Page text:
A Snapshot on Small Business Loans and What’s Needed for Reinvigoration

By at 8 November, 2017, 5:47 pm

by Raymond J. Keating-

The Federal Reserve released its latest Senior Loan Officer Opinion Survey on November 6, and it pointed to some weakening of business loan demand coupled with easing of standards and terms by banks.

Specifically, this quarterly survey of domestic banks and U.S. branches of foreign banks reported regarding commercial and industrial (C&I) loans, that on balance, “modest net percentages of banks reported that they eased standards … over the past three months. Further, terms on such loans became less restrictive, on balance, with all loan terms either having been eased or having remained basically unchanged.” That included easing some terms for small businesses.

In terms of demand for C&I loans, “a moderate net share of domestic banks reported that demand from large and middle-market firms weakened, while demand for such loans from small firms was reportedly unchanged on net.”

As for commercial real estate lending, it was reported, “A significant net fraction of banks reported tightening their standards for loans secured by multifamily residential properties, while banks reportedly left standards for loans secured by nonfarm nonresidential properties and those for construction and land development purposes basically unchanged on net. Banks also reported that demand for CRE loans weakened during the third quarter. A moderate net fraction of banks reported weaker demand for loans secured by multifamily residential properties, while modest net fractions of banks reported weaker demand for construction and land development loans and for loans secured by nonfarm nonresidential properties.”

This weakening in CRE loans lines up with a decline in nonresidential structures investment in the third quarter GDP numbers.

This latest survey information also should be put in context with the longer term trend in small business lending, as examined in a recent SBE Council analysis. As noted in that report, “both small business loan balances and the number of small business loans continue to grow. However, small business lending still has not recovered to levels before the 2008-09 credit/economic meltdown.”

Two policy areas converge when it comes to getting small business lending reinvigorated. The first is reining excess regulatory costs that inhibit banks from making certain loans, and restrain the creation and growth of smaller community banks that play such an important part in small business lending. (See the most recent instance of Congress and President Trump rolling back an unwarranted and costly regulation invoked by the Consumer Financial Regulatory Bureau (CFPB), and a broad look at the need to rein in Dodd-Frank’s regulatory monster.)  SBE Council, for example, supports H.R. 3312, the Systemic Risk Designation Improvement Act of 2017, which proposes alternative and more appropriate measures to determine a bank’s risk to the financial system. These institutions include mid-size and regional banks, where stringent Dodd-Frank regulations have hampered their ability to lend to small businesses.  (See SBE Council’s support letter for H.R. 3312 here.)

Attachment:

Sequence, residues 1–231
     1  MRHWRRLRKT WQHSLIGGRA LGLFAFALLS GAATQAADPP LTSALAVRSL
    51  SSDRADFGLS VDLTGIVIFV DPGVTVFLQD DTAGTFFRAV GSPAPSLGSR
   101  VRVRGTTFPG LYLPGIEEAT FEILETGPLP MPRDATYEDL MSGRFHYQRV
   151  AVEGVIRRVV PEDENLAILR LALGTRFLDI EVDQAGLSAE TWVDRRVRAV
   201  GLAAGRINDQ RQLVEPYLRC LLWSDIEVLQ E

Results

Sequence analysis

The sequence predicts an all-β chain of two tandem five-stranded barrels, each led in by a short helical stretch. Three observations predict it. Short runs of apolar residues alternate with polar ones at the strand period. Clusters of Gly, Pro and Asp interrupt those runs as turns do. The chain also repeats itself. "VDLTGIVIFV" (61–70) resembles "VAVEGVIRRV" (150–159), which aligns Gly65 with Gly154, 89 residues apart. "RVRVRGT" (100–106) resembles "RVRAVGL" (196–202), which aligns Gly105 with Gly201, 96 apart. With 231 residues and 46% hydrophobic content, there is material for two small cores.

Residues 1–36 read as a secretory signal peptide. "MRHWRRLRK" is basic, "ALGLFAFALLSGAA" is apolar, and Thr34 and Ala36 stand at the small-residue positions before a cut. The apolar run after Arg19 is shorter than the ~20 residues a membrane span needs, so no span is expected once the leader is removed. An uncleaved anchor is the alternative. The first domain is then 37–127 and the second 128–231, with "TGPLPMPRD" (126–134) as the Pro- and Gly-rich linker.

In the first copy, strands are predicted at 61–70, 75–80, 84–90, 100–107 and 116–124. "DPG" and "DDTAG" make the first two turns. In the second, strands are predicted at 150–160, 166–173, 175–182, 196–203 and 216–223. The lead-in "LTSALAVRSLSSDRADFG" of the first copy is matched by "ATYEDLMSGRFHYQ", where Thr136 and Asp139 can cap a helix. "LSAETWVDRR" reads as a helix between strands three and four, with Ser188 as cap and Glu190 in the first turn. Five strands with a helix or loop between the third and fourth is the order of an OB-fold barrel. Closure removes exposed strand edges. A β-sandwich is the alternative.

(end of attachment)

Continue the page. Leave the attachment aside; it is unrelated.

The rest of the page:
The second is the need to pass substantive, permanent, pro-growth tax reform/relief, as well as measures for providing broad regulatory relief and reform. Such measures would incentivize entrepreneurship and small business growth, and of course, thereby increasing small business loan demand.


Raymond J. Keating is chief economist for the Small Business & Entrepreneurship Council.

Keating’s latest book published by SBE Council is titled Unleashing Small Business Through IP:  The Role of Intellectual Property in Driving Entrepreneurship, Innovation and Investment and it is available free on SBE Council’s website here.

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